April 2020

5% of All Online Payments to go to COVID-19 Relief

Between now and April 30th, Cislo & Thomas will be waiving all credit card processing fees and donating 5% of all payments made through our online payment page (www.cislo.com/pay) to the LA Dream Center and the Union Rescue Mission.

Cislo & Thomas has supported both of these incredible organizations in the past and is thankful that they are currently working so hard on the front lines to assist those who have been directly affected by this pandemic by providing meals, care packages, and shelter.

If you are interested in donating directly to these great causes, you can do so here:




New Powers Afforded to USPTO and Register of Copyrights Amidst COVID-19

Takeaway: CARES Act affords USPTO and Register of Copyrights the ability to reduce the impact of COVID-19 on intellectual property owners.

On March 25, 2020, the U.S. Senate passed the Coronavirus Aid, Relief, and Economic Security (CARES) Act by unanimous consent. The CARES Act grants “emergency relief authority” to the USPTO Director and the Register of Copyrights for a limited amount of time amidst the global health crisis. The Act allows the USPTO Director the ability to temporarily “toll, waive, adjust, or modify, any timing deadline” to minimize the impact to businesses affected by the COVID-19 pandemic. The Act also grants the Register of Copyrights the ability to temporarily “toll, waive, adjust, or modify any timing provision” under copyright law. These new powers will aid in reducing the impact of COVID-19 on intellectual property owners.


In-line or Embedded Linking May Constitute Copyright Infringement

Takeaway: Website owners should use caution when in-line linking due to recent court case decisions.

In a noteworthy bit of case law that has recently appeared, several prominent district courts have held that in-line linking (or embedded linking) can constitute copyright infringement. Specifically the Southern District of New York and Northern District of California have so held. In-line linking is where the code for a web page points to the source of the image, video, or content and instructs a browser to retrieve the source image, video, or content.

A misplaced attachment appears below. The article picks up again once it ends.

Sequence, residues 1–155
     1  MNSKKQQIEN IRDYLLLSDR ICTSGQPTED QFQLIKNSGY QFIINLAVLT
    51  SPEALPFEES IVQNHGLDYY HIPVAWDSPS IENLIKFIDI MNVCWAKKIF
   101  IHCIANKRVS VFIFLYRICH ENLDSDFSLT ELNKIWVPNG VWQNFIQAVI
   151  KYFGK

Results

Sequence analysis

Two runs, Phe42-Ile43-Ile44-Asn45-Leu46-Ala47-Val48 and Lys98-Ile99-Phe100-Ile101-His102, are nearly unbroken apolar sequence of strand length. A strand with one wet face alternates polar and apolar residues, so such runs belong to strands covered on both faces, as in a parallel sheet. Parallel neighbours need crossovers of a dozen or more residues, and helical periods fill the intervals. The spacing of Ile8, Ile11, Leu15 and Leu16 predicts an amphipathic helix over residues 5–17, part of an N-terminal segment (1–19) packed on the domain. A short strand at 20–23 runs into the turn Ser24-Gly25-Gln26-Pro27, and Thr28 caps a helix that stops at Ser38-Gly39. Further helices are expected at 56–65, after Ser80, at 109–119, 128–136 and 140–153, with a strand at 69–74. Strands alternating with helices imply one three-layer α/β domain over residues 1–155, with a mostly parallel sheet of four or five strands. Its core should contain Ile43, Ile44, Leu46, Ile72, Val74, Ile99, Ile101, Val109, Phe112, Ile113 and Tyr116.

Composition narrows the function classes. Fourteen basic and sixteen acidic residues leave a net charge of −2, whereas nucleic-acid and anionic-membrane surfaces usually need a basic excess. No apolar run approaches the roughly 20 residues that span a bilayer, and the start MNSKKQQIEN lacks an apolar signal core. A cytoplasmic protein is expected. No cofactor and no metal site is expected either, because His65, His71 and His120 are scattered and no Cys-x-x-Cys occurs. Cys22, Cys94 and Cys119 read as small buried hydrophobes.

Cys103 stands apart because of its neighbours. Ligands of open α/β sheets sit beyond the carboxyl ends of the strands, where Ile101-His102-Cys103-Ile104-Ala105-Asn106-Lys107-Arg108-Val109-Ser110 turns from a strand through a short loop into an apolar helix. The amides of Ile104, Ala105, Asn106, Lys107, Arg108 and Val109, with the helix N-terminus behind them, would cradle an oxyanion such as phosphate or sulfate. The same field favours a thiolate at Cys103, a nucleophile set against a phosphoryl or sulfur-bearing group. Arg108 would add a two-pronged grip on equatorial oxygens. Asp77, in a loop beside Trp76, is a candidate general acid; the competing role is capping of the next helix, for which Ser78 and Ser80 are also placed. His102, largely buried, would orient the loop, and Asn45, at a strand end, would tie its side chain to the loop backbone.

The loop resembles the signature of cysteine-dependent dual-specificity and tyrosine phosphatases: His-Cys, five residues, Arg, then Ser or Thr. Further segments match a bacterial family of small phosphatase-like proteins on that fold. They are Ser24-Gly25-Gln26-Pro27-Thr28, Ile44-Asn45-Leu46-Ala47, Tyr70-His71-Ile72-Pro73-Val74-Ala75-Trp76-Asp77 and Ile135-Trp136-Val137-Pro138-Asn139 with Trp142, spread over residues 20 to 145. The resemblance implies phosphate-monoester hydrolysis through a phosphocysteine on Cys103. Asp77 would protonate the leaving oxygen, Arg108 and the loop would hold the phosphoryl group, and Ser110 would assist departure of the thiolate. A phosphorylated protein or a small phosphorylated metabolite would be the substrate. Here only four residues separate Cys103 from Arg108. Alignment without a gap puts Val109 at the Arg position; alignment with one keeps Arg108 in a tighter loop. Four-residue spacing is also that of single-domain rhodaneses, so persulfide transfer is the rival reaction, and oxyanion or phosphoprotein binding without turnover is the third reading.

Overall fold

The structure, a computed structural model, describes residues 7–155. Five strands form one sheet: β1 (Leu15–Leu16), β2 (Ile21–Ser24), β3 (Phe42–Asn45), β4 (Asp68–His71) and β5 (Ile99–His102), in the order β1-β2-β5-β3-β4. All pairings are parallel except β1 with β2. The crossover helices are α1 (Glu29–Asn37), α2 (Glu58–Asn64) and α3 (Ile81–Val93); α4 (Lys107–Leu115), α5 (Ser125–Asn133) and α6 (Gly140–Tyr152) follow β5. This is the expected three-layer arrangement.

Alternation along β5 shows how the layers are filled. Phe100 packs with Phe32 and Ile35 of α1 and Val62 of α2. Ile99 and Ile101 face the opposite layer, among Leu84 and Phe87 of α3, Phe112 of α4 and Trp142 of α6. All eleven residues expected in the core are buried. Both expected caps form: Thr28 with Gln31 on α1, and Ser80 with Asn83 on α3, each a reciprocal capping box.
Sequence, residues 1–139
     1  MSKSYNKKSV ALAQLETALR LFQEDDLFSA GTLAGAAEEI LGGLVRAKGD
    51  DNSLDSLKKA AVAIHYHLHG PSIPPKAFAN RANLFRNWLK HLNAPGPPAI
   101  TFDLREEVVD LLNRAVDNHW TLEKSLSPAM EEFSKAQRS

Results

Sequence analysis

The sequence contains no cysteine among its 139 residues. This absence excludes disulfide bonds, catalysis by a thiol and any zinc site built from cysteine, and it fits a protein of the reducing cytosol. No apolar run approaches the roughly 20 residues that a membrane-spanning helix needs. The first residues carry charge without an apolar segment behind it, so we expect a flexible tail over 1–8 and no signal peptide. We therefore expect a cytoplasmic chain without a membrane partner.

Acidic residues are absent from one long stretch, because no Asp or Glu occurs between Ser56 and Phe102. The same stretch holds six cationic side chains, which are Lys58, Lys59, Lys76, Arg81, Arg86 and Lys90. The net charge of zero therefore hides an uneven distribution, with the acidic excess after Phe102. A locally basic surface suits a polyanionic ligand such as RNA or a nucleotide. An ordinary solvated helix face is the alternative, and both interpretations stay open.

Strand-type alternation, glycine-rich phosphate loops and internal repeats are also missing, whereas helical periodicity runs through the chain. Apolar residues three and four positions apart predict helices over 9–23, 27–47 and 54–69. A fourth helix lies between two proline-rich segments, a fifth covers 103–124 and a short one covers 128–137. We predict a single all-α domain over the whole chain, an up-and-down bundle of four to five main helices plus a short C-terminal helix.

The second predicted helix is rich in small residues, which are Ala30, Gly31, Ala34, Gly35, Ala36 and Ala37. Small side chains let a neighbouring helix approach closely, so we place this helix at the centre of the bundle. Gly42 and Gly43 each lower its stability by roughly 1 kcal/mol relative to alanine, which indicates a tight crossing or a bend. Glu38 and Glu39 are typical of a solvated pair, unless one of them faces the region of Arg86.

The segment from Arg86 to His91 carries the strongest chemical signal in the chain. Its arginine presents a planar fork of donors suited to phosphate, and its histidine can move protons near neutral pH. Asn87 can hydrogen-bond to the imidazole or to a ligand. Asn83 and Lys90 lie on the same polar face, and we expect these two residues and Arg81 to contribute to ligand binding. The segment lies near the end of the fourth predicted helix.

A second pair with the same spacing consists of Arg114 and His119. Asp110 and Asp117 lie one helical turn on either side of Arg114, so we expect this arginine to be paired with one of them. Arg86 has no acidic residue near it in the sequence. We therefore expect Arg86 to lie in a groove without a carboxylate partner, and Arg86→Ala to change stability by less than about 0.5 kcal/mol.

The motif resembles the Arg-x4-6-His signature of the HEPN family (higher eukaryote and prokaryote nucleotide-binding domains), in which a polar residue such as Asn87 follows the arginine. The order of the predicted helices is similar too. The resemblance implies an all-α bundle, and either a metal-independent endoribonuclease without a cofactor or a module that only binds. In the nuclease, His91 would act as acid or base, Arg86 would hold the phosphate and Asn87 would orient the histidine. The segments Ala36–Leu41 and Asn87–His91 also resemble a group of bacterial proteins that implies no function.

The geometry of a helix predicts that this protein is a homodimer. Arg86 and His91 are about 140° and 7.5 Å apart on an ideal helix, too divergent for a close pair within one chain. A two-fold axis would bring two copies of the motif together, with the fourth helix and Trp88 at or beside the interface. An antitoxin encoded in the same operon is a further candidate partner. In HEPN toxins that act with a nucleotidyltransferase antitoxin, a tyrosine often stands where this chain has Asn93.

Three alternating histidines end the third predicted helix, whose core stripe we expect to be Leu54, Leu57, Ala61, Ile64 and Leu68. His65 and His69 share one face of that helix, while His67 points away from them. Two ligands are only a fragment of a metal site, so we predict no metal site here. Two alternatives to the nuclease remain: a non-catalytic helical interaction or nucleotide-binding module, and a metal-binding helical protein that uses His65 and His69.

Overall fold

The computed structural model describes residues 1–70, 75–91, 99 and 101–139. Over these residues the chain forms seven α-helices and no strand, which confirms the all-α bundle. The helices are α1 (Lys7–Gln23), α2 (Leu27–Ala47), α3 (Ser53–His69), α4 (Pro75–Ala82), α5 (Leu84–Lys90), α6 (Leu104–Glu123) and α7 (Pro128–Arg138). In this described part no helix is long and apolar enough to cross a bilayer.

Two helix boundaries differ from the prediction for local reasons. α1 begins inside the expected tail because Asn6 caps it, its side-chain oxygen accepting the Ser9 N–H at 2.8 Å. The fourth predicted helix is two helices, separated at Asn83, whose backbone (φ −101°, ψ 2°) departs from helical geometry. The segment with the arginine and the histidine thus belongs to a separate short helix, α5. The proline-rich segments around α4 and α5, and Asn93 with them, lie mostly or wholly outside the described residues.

Previously, in 2007, at least in the context of search engines, the Ninth Circuit in the Perfect 10 v. Amazon case held that in-line linking did not constitute copyright infringement. While this issue is going to need to be fleshed out with more court decisions, including at the appellate level, a narrow reading of the case raises concerns about limiting the very free sharing of information on the internet (because of the possibility of copyright infringement).

A broad reading of the Perfect 10 case would go beyond the realm of search engines to limit liability for copyright infringement in connection with in-line linking. This is an issue into which virtually any website owner that might use in-line linking should consider to ensure they are not committing copyright infringement.


California Force Majeure Clause Where Not Expressly Stated in Agreements

Takeaway: California’s Force Majeure Clause may provide an out during this COVID-19 pandemic.